There are a great many ways to terrify an audience; one of the most reliable is to create an out-of-control monster bent on destruction. Because we can relate to it so personally, the most horrifying of such creatures is one in human form. Leaving aside the current spate of serial-killer-as-monster films, the image most people have of humanoid monsters is Frankenstein’s creation in James Whale’s classic 1931 horror film Frankenstein. The lumbering, inarticulate monstrosity in platform boots created from parts dug from graveyard clay, however, was nothing new, even in 1931. The model for this iconic image of irrational evil was the invention of German actor, writer, and director Paul Wegener, whose characterization of a golem inspired Whale’s monster.
Paul Wegener embarked on an acting career in 1894, at the age of 20, and appeared in a film perhaps as early as 1905 (Victor Hahn’s Die Byzantier). Wegener first gained notoriety appearing in the title role of the eerie 1913 tragedy Der Student von Prag (The Student of Prague). An early fascination with photography gave Wegener the idea to suggest the use of double-exposure to create the doppelganger of the character he played. The film’s poster proclaimed, “This highly interesting play is set in historic Prague and contains completely new phenomenal techniques in filmmaking.” Wegener, a lonely child given to fantasy, gravitated to dark tales. While making The Student of Prague, he learned the 16th century golem story involving Rabbi Judah Loew ben Bezalel of Prague. Rabbi Loew was said to have made a clay golem—an inanimate form that can be brought to life using magic—to defend the Jewish ghetto from anti-Semitic attacks by Holy Roman Emperor Rudolf II.
A bit of armchair psychology would suggest that Wegener’s own rejection by his father at the age of 3 created a space where his fascination with the golem story could flourish. Wegener filmed this tale of necromancy three times—in 1914 as Der Golem (The Golem), in 1917 as a parody film Der Golem Und Die Tanzerin (The Golem and The Dancer), and in 1920, its ultimate iteration, Der Golem: Wie er in Die Welt Kam (The Golem: How He Came into the World). Wegener mixed historical accuracy with weirdly shaped sets, moody lighting and tints, and special effects that lodge this last film squarely among the masterpieces of German Expressionist cinema.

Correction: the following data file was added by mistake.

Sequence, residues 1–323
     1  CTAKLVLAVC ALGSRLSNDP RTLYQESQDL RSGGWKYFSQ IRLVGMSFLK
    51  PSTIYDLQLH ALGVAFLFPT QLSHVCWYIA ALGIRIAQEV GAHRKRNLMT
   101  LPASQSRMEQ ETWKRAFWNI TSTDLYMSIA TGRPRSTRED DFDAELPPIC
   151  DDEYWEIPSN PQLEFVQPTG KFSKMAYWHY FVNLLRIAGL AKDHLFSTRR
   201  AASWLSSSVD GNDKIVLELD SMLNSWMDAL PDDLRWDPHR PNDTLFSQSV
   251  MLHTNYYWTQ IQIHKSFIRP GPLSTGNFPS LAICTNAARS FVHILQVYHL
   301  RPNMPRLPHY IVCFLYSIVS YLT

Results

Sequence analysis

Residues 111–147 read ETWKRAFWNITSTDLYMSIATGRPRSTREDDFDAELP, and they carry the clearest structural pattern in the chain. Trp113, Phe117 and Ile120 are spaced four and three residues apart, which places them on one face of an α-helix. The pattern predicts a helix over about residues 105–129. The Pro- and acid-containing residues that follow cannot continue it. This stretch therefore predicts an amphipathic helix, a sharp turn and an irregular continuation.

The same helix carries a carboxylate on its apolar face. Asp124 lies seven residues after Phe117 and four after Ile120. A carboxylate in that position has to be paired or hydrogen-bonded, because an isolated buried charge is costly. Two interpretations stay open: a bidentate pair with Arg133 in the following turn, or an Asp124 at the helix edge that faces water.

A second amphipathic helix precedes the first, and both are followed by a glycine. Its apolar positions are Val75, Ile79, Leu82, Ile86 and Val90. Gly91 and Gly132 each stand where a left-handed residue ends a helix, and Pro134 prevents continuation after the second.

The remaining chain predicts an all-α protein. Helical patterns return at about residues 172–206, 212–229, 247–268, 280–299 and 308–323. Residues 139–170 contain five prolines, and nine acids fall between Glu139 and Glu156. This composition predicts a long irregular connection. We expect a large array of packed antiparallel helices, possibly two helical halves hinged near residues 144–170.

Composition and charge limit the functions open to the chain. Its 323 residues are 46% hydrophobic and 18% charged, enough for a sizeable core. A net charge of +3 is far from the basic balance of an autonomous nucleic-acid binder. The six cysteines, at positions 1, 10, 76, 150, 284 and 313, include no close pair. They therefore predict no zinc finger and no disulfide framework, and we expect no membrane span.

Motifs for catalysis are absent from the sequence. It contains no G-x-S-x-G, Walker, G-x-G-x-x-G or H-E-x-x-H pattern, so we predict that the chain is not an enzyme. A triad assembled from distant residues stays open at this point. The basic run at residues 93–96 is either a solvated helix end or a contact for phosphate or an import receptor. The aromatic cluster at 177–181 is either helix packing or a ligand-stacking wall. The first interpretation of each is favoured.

In this film, Rabbi Loew seems more soothsayer than religious teacher. We first meet him peering at the stars through his telescope judging from their position that terrible times are ahead for his people.
Sure enough, in the next scene, we see the emperor affix his signature and seal to a proclamation to expel the Jews from their ghetto because, among other offenses, they are generally known to be practitioners of black magic. Rabbi Loew fashions a golem in secret to defend the ghetto by force if necessary. During a conjuring ceremony, he forces the magic word that brings the golem to life from the mouth of the demon Astaroth.
The golem goes from lowly servant to savior of the emperor and his court to killer and destroyer as the film progresses to its strangely lyrical conclusion—one that also is echoed in Frankenstein, though with more tragic consequences.
The Golem: How He Came into the World makes terrific use of trick photography to develop scenes of great intensity. The conjuring of Astaroth is particularly noteworthy for its pacing: a suspenseful build-up as Rabbi Loew and his servant prepare to cast the spell, a spectacular climax when Astaroth (and more importantly, the magic word) appear on screen, and a dramatic conclusion as lightning bolts shoot through the room, knocking the two men out and causing the servant to fear what they are about to do. Such effects as the lightning bolts and a circle of flames surrounding the men appear again in F. W. Murnau’s visually arresting 1926 film Faust, evidence of the continuity in German filmmaking of the 1920s.
Wegener’s unusual face and costuming give audiences a visual jolt. His performance is nuanced, with small smiles creeping across his mainly dour face and vicious teeth clenching at the constraints of his servitude. Forming life from clay is God’s prerogative, and this deep-seated belief still has us trembling at the hubris of our technological advances. The Golem remains a cautionary tale of frightening power.
Marilyn Ferdinand is the proprietor of Ferdy on Films, a film review and commentary blog. She is cohost of For the Love of Films: The Film Preservation Blogathon, held in February to benefit organizations devoted to film preservation.